Tuesday, May 29, 2012

A day and night in Malacca

We went to Malacca to celebrate the "month of Liz" (Mother's Day, anniversary, and birthday). Malacca is a relative quiet, walkable tourist town. We were surprise to be greeted by a water dragon and signs wishing a happy lunar new year on Jonker Street, the main street in Chinatown. The street is closed Friday, Saturday and Sunday nights and it becomes a large night market. Some year we may brave the crowds, but on a Wednesday night it was quiet.
2 months after Chinese New Year and the Dragon is still greeting
visitors to Jonker Street

Behind the hotel's reception desk was the sign "Durians and pets not allowed." Durians are commonly banned; pets don't seem to be explicitly banned (but I am sure that they are unwelcome in most places)

As a world heritage city Malacca has developed enough tourist sites that we still find new things to do. This trip we visited the Malaka Maritime Museum and the Jonker Bird House.

The Maritime Museum is housed in a replica of a 16th century Portuguese trading ship. Other than showing the captain's quarters the replica does not show were the men slept, ate, and washed. The displays focused on the Portuguese, Dutch, and British colonial eras. The information were interesting, but because it was not organized around a time line I found it redundant. Doug pointed out that each deck focused on a single topic: governance, transportation, or trade. The information helped us fill in the blanks in our knowledge of Malaysia's history. Plus, we are interested in how events are described. For example, no mention was made of Chinese traders. Sultans were mentioned, but the exhibits did not trace their evolution into their current roles.

 I read a tourist's complaint about having to taking shoes off before entering the ship's interior. A former student from Bhutan taught me a lesson on taking shoes off. When we were entering a temple he noticed that some people kept their shoes on. He commented that they were being thoughtless and making more work for the cleaning staff.

Akbal Hanum -
Guide Extraordinaire
If you google the Jonker Bird House you will get a list of hotels each including complementary passes to the bird house. With our complimentary passes we went and found it interesting and worthwhile. The bird house is in a renovated shop house. Originally it was on the seafront, but land reclamation projects have pushed the coastline out. Too bad - it is still a pleasant but perhaps less charming than the town we remember in 1974. Our guide, Akbal Hanum, was the best part of the house. She talked to us about the house's history, the birds, and their nests. We went into the center of the house where swifts build their nests, the famed birds nest of birds nest soup, and fly in and out at great speeds. In addition to explaining the house's features, she answered questions thoroughly and we shared personal bits of information as new acquaintances often do. Who ever hired her knew what he/she was doing! At end of the tour we went to a room where young women were cleaning the nests and removing debris for them. At the end we went into room that looked very much like a gold showroom and its collection of birds nests merited the comparison.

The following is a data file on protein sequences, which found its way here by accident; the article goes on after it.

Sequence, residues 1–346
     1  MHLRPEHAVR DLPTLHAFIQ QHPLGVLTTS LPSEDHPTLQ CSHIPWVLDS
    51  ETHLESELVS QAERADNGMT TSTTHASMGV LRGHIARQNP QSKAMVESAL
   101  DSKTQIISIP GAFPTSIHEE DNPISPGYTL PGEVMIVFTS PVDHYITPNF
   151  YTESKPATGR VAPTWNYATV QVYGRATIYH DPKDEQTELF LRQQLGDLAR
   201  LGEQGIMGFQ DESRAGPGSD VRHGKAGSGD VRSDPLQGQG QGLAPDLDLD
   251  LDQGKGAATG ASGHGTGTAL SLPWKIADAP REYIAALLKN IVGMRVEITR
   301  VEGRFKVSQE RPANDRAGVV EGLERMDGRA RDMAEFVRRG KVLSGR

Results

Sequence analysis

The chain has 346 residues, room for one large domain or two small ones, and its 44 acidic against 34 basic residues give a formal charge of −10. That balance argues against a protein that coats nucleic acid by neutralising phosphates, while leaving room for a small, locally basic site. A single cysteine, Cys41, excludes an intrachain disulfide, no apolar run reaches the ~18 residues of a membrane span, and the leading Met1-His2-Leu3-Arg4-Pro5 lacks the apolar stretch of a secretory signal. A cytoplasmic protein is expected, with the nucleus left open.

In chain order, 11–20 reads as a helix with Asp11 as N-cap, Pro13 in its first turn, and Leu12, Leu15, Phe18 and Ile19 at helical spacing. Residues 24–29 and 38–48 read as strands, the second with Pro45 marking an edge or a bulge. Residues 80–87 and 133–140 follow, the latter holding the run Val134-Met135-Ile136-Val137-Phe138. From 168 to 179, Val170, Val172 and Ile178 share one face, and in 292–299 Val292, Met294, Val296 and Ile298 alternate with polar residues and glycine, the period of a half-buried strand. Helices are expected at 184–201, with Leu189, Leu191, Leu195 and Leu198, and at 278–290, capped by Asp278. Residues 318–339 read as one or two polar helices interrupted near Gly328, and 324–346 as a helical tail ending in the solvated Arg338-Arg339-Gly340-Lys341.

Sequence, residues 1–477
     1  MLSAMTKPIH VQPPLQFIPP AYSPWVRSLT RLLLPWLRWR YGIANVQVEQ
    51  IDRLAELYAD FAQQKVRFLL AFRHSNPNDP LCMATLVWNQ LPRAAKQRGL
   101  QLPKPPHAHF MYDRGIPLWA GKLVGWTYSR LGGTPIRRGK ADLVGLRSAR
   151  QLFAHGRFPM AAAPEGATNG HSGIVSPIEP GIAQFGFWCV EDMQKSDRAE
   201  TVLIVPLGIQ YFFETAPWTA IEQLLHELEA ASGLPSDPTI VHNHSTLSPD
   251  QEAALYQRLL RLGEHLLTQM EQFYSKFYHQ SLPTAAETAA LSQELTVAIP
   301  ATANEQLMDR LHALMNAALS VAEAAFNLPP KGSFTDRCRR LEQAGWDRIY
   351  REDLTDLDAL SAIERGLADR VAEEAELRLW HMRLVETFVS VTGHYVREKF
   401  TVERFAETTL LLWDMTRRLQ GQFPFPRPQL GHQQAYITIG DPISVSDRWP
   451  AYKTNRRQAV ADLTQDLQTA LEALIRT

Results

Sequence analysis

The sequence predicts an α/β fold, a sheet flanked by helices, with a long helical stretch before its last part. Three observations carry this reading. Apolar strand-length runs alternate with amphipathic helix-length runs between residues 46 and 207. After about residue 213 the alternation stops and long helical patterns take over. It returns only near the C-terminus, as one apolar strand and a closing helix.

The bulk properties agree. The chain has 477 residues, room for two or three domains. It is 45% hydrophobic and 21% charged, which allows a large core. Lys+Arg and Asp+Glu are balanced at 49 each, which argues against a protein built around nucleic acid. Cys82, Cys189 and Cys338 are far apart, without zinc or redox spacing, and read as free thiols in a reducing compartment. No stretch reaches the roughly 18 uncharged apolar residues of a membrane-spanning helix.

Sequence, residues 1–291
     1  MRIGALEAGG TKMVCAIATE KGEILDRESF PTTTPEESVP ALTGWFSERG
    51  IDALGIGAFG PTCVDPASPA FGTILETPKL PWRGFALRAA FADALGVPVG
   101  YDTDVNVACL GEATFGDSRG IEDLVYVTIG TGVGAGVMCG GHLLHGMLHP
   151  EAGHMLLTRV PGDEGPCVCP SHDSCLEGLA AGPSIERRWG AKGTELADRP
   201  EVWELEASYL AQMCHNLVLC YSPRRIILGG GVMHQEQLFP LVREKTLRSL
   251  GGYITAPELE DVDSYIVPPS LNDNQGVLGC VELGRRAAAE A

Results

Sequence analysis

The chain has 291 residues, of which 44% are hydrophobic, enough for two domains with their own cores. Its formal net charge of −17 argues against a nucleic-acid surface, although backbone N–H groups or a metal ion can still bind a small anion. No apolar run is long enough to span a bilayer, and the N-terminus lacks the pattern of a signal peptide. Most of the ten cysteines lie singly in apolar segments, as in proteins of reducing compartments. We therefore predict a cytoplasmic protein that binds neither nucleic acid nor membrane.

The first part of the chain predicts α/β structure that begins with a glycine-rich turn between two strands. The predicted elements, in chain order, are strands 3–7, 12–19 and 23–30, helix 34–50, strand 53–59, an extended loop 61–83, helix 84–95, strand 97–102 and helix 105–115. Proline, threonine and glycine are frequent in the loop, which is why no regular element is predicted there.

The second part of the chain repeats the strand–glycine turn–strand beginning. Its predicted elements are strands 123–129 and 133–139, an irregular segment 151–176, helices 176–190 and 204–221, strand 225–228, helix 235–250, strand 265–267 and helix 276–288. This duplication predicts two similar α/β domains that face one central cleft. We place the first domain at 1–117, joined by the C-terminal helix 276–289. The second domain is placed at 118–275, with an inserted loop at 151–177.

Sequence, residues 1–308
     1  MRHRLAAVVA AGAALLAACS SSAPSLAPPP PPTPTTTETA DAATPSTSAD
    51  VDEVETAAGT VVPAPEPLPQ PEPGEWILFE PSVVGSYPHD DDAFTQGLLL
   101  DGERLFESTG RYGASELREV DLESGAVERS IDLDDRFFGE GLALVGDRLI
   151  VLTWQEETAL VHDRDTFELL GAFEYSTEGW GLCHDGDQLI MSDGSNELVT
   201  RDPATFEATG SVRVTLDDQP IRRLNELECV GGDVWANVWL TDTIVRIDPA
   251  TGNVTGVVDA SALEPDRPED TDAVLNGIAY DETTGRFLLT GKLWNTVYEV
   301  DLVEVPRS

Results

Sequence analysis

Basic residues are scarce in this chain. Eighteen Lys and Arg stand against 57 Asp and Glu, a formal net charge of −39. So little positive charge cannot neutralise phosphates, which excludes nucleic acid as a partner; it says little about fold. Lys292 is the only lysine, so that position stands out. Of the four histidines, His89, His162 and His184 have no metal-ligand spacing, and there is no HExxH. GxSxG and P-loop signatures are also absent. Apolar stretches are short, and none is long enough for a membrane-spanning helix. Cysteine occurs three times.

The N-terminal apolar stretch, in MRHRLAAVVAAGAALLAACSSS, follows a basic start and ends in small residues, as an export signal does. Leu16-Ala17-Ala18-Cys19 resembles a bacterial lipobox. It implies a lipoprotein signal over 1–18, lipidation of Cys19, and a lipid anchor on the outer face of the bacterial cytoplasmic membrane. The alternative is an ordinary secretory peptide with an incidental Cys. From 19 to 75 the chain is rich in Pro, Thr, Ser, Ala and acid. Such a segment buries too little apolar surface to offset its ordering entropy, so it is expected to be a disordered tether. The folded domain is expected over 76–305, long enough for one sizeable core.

Want to buy a bird nest? Note the scale -
they are sold by the gram

Here two wonders seen by street wanders. No, we did not stay at Backpackers Freak Guest House. When we took the picture I imagined a bug infested place with zoned out occupants. I Googled it, read the comments, and now I just feel old and cranky. The reviews were positive (probably nicer and more forgiving than folks who stay at budget hotels);  Probably not the place for retirees, but clearly pleasant for much younger backpackers.

On Jonker Walk we came upon this statue in a pocket park (also the location of public toilets).

This is Gan Boon Leong, "The Father of Body Building in Malaysia." His titles include Mr. Universe, Mr. Asia, Mr. Malaysia, and Mr. Malaka.

Curry Ramen - a huge, tasty healthy bowl
So no post would be complete without a comment about food. We had a lunch at the Geographer's Cafe - initially I had been reluctant to go there because it seem too touristy, but truly what else can you expect in Malacca? Plus, many if not most of the tourists are Malaysian (or Singaporean). I was drawn by the "no MSG" at the beginning of the menu. I order a tasty curry ramen which was tasty and also omitted coconut milk (the tasty ingredient in so many curries)

Directly across the street at Malacca Jonker Nyonya Enterprises we bought pineapple tarts for small hostess gifts. The first ingredient was "pure butter." The tarts received complements from one of Malaysian foodie friends.

Decades ago we had fish dinner in a restaurant/shop where we selected the fish (not live ones) and they cooked them. Alas, the shop is a victim of renovation. In the same location we found Eleven Bistro and had baked fish (Portuguese style), a curried chicken (special dable curry), and baked bean curd with mushrooms. All tasty. The service was good - the waiter even got out his cell phone to show us the picture of the fish. What he also told us is the fresh water fishes absorb the taste of the spices and the sea water fishes do not.

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